- Integrator platforms – with varying degrees of technical complexity and sophistication these allow you to link one existing web application to another, so an event in one application triggers an action in another
- Database fronts – these are low-code platforms which are targeted at building simple front end tools on databases. Useful if you already have a database and need to put something together that is functional but not particularly user-friendly for internal use. Usually these require the same kind of technical skills used to write an SQL database query.
- Automation platforms – these are self-contained, no-code process management tools, They make it easy to automate through drag and drop workflows and require technical skills of the level of a Microsoft Excel user to automate. They also generate a simple, user-friendly workflow for the people using the automations who may be customers or colleagues.
Start small not big
So now accessible tools are beginning to become available what should SMEs seek to automate? After all, isn’t automation something for the manufacturing sector? SME business models are often unique – each tailored to an individual client’s requirements. Surely automation – with its regularity – can’t apply here?
Yet it can. By looking at existing large processes within your business and breaking them down into smaller units you can identify the repetitive parts of the process. Look for the little routine, necessary processes that take a lot of time and effort to achieve but are not generating revenue, such as:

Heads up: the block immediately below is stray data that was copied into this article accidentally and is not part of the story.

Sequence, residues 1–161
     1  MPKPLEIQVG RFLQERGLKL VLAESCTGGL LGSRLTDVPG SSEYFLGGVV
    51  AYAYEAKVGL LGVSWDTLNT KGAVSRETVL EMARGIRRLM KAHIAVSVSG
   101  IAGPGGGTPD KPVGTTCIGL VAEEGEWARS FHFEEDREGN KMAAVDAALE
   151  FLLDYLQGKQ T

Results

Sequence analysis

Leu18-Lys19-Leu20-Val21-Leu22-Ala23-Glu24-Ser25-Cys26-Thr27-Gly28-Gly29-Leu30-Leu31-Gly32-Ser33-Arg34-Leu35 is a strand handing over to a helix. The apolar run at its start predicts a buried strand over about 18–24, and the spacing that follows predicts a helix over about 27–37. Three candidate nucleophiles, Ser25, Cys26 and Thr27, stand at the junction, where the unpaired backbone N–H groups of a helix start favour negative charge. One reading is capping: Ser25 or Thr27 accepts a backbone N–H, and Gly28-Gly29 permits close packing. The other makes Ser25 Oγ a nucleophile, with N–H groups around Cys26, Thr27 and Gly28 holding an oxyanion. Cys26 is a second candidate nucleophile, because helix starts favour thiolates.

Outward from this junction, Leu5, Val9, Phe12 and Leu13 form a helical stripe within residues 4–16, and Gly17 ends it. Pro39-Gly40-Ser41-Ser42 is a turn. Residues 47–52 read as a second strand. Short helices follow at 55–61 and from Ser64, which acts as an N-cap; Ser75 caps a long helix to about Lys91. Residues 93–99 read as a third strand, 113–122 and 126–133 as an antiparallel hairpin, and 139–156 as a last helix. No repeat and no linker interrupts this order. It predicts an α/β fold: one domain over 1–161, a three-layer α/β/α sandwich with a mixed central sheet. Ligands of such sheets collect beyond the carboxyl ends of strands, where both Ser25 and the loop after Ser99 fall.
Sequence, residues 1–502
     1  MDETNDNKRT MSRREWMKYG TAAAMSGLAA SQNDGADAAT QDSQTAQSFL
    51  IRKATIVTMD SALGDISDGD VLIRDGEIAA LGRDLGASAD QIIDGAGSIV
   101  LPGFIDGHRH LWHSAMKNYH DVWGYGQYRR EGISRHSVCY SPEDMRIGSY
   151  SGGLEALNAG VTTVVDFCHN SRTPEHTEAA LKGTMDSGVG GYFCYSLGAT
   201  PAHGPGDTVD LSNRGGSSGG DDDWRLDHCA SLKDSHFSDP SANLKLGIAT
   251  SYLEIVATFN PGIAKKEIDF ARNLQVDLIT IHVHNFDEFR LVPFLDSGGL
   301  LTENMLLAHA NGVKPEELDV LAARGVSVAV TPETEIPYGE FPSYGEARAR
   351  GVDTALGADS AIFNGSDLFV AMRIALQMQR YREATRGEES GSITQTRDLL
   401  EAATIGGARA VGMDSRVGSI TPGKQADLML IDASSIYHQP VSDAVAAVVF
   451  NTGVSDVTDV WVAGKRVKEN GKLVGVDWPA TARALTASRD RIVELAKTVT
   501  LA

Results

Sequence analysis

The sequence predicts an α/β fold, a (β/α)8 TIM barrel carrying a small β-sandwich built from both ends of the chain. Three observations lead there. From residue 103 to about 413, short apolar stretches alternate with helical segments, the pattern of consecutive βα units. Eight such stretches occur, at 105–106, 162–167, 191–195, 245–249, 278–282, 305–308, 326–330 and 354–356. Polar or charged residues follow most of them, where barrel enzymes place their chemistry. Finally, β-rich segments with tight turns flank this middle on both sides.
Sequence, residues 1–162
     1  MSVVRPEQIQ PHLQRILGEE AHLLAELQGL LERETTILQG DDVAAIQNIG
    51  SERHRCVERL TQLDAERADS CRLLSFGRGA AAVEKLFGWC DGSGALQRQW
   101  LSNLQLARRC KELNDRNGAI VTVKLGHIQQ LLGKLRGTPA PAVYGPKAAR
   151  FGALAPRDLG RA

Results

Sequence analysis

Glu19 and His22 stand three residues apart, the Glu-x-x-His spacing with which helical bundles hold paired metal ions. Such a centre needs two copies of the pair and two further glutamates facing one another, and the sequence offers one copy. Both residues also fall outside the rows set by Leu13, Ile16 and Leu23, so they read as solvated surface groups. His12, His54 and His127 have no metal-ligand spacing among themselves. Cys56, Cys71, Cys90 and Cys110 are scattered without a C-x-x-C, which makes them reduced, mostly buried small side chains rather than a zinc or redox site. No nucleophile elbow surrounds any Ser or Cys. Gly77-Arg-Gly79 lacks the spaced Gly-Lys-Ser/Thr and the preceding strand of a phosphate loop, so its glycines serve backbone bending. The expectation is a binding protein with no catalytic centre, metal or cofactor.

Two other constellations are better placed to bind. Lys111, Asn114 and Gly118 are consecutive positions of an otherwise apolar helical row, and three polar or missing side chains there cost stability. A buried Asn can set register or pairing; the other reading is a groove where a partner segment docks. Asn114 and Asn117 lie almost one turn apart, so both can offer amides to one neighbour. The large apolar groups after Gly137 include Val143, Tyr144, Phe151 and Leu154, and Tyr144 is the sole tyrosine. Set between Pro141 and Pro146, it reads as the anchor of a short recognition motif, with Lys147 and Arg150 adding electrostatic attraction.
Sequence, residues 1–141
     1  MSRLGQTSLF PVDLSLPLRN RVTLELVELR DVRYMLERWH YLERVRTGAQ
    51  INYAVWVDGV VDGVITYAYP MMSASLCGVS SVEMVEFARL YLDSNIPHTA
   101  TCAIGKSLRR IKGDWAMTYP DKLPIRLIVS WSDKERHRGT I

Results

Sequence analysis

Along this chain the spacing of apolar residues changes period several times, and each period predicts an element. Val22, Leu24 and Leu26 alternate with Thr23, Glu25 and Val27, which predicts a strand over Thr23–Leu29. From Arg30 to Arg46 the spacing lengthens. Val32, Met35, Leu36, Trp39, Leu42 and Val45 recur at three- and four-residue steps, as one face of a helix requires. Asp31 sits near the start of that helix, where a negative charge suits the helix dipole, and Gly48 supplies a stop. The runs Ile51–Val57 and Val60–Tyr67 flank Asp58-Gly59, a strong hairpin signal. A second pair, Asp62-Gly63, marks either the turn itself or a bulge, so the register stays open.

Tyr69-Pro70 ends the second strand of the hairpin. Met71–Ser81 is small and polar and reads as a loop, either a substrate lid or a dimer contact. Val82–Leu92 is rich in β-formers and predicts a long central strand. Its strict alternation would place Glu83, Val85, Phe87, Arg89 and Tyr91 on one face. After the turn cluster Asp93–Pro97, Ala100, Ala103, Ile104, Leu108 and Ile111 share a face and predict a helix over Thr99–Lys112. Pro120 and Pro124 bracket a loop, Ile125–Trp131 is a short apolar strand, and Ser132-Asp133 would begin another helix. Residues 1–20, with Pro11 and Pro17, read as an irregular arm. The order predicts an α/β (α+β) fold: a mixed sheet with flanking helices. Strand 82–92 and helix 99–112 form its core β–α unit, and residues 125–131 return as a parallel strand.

- Creating and signing Sales contracts and NDA’s
- Approvals processes
- HR onboarding and off-boarding
- Regulatory and compliance processes and checklists
- Updating databases and records
These are the micro-processes that can easily be automated to increase accuracy, efficiency and free your staff for more important and satisfying work.
Overall, the key to success lies in starting small and keeping it simple. By starting small, it is both easier to overcome the challenges in an organisation and quicker to realise the rewards. Instead of jumping straight into a large scale, cutting edge technology implementation, which will be both costly, time consuming and risky, SMEs can take advantage of the new, more accessible automation technologies that are quick to implement and cost-effective.
Contrary to expectations, solutions exist in the market place which are SaaS-based that require no technology (other than a laptop and an internet connection) and little specific tech knowledge that enable SMEs to be automating processes within an hour and at costs that makes sense to this market.
Simple automation has the potential to revolutionise working practices. It improves productivity, through automating the daily and repetitive processes that waste up to a third of skilled employees’ time within organisations today.
This is even more important as SMEs are operating in an increasingly challenging business environment, competing against larger players with bigger budgets and higher head-counts in turbulent economic times.
And while it might not have been on your radar until now, it’s certainly time for a rethink. Automation is no longer just for big business. It’s here, and in these volatile times, it’s never been more accessible or essential to SMEs.